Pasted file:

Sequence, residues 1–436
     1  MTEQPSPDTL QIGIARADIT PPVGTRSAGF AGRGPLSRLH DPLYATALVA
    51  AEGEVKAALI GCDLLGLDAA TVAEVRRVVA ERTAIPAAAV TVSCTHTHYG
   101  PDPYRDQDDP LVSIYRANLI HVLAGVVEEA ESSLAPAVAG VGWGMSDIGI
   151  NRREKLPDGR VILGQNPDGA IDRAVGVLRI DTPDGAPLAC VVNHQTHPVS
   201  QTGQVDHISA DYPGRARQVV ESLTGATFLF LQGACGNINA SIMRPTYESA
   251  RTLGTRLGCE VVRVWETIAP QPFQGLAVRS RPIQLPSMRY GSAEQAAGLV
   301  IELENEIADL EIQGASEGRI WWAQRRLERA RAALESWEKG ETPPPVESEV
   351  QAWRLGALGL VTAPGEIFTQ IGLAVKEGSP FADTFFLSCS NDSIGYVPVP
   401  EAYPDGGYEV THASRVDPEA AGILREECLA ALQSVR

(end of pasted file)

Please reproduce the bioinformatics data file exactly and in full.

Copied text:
Sequence, residues 1–436
     1  MTEQPSPDTL QIGIARADIT PPVGTRSAGF AGRGPLSRLH DPLYATALVA
    51  AEGEVKAALI GCDLLGLDAA TVAEVRRVVA ERTAIPAAAV TVSCTHTHYG
   101  PDPYRDQDDP LVSIYRANLI HVLAGVVEEA ESSLAPAVAG VGWGMSDIGI
   151  NRREKLPDGR VILGQNPDGA IDRAVGVLRI DTPDGAPLAC VVNHQTHPVS
   201  QTGQVDHISA DYPGRARQVV ESLTGATFLF LQGACGNINA SIMRPTYESA
   251  RTLGTRLGCE VVRVWETIAP QPFQGLAVRS RPIQLPSMRY GSAEQAAGLV
   301  IELENEIADL EIQGASEGRI WWAQRRLERA RAALESWEKG ETPPPVESEV
   351  QAWRLGALGL VTAPGEIFTQ IGLAVKEGSP FADTFFLSCS NDSIGYVPVP
   401  EAYPDGGYEV THASRVDPEA AGILREECLA ALQSVR